By Gul Yousafzai
QUETTA, Pakistan (Reuters) – Gunmen shot and killed a female polio vaccinator on Thursday, the fourth this week in the latest surge of violence against efforts to rid the world of the crippling childhood disease, an official said.
Polio workers have come under attack in some parts of the word including Pakistan where hardline clerics and militants say the polio vaccine is a foreign ploy to sterilize Muslims and campaign workers are Western spies.
On Monday, some mosques in the northwestern city of Peshawar broadcast false reports that the vaccine had made children sick sparking panic among worried parents who took thousands of children to hospitals and clinics.
In the latest attack on vaccination workers, two gunmen on a motorcycle attacked a team in the Chaman district, on the southwestern border with Afghanistan, said government official Samiullah Agha.
“One of the polio workers, Rashida Bibi, who was around 20, died and another of her colleagues was critically wounded,” Agha told Reuters by telephone.
No one claimed responsibility.
Two police officers guarding polio teams were killed in separate incidents in the northwest this week, while another polio worker was stabbed to death in the eastern city of Lahore.
According to the World Health Organization (WHO), polio has been all but wiped out across the world following a sustained vaccination campaign, with only 22 cases reported in 2017 against more than 350,000 in 1988.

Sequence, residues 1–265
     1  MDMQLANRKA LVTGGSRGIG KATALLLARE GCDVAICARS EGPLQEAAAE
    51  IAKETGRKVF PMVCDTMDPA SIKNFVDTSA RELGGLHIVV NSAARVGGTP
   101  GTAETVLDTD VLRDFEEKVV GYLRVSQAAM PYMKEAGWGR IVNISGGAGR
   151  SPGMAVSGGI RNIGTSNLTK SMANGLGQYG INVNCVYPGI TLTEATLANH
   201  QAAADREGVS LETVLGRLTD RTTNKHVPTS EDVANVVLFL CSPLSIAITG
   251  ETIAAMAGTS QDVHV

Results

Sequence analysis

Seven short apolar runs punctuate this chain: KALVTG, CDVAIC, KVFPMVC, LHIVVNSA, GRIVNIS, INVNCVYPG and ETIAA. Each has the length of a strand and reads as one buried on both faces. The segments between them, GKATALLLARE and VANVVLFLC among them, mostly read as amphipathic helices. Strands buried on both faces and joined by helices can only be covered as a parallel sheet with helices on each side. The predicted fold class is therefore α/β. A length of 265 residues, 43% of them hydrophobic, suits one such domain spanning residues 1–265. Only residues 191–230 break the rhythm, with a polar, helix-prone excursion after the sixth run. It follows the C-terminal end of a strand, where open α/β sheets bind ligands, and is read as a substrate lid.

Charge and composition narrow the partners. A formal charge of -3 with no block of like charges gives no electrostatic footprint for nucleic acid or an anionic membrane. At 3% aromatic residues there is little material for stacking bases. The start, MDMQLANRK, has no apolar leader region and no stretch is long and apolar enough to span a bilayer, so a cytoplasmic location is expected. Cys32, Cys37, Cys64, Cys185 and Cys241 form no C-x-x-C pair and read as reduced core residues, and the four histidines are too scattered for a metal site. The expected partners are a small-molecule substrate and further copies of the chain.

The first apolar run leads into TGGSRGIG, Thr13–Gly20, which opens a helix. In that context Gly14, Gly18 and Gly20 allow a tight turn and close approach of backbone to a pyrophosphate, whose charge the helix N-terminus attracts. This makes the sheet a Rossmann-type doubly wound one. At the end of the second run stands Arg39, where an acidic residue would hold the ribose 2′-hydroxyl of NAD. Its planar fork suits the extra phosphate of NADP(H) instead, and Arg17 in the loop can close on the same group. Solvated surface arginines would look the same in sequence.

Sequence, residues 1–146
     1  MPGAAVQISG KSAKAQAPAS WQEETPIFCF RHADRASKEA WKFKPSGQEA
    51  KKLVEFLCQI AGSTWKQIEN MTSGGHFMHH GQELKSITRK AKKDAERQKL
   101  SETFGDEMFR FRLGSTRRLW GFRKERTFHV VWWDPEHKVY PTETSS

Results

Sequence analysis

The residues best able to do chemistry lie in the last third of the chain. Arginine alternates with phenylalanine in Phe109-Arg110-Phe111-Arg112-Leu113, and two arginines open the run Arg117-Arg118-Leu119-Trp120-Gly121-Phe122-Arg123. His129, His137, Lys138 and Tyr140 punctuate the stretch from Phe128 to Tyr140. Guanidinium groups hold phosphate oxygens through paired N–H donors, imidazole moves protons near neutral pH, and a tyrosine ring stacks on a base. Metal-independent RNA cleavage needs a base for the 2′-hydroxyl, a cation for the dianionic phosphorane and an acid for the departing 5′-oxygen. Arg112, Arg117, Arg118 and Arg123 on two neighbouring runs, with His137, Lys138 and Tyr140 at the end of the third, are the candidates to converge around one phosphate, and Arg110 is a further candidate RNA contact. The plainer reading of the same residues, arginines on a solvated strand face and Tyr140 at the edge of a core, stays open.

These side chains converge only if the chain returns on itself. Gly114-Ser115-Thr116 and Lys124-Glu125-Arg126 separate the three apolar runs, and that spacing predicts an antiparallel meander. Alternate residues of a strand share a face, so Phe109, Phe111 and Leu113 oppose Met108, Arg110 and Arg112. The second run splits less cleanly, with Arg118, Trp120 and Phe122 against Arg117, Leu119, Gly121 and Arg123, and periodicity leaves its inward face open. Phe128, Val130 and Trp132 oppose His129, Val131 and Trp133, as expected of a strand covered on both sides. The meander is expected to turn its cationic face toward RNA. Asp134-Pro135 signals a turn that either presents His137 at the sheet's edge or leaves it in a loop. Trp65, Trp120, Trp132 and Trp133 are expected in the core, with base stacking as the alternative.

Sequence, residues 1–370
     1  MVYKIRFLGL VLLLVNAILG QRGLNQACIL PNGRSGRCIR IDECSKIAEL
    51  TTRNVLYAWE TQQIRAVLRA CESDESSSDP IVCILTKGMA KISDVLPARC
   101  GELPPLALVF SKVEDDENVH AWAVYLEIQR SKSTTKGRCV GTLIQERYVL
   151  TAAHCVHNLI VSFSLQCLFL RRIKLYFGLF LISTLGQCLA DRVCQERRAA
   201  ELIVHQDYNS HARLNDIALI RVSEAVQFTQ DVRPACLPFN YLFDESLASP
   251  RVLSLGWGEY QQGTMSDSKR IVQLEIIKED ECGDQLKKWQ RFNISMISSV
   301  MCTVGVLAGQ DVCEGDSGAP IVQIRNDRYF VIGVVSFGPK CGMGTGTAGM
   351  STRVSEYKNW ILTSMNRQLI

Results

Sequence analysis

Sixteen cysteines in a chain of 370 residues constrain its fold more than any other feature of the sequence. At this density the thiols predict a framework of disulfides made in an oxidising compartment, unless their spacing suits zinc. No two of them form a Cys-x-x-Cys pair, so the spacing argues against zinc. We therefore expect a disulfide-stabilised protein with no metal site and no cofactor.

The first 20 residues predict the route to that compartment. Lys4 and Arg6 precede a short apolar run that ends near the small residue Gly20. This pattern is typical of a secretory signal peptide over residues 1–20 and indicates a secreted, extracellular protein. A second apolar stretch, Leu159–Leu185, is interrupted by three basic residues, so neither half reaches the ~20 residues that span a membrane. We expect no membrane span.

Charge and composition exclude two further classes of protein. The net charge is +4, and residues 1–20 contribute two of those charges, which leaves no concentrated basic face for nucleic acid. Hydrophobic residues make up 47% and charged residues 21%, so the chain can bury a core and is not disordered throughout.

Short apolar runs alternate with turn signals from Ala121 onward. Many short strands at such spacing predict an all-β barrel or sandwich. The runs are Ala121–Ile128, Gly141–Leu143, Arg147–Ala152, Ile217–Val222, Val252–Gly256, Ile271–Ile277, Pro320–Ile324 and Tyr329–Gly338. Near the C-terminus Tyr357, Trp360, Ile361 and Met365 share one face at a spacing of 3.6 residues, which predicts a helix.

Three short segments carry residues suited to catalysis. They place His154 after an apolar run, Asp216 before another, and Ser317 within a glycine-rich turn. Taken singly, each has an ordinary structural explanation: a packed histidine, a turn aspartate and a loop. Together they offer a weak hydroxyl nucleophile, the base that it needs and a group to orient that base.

Pakistan is one of the only three countries, along with Afghanistan and Nigeria, that suffers from endemic polio, a virus that can cause paralysis or death.
Pakistan has reported four cases this year.
There is no known cure but the disease can be prevented if children are given multiple treatments with the polio vaccine, the WHO says. Polio remains a global threat because as long as a single child remains infected, the virus can spread into polio-free countries and unimmunized populations.
The government mounts public education campaigns and recruits Muslim religious leaders to reassure people that the vaccine only protects their children but suspicion of immunization persists.
Efforts to build trust suffered a setback in 2011 when a Pakistani doctor believed to have been helping the U.S. CIA was accused of using a fake vaccination campaign to collect DNA samples in the hunt for al Qaeda leader Osama bin Laden.
Bin Laden was killed in a raid by U.S. special forces in the Pakistani town of Abbottabad. Authorities arrested and jailed the doctor.
(Writing by Asif Shahzad; Editing by Robert Birsel)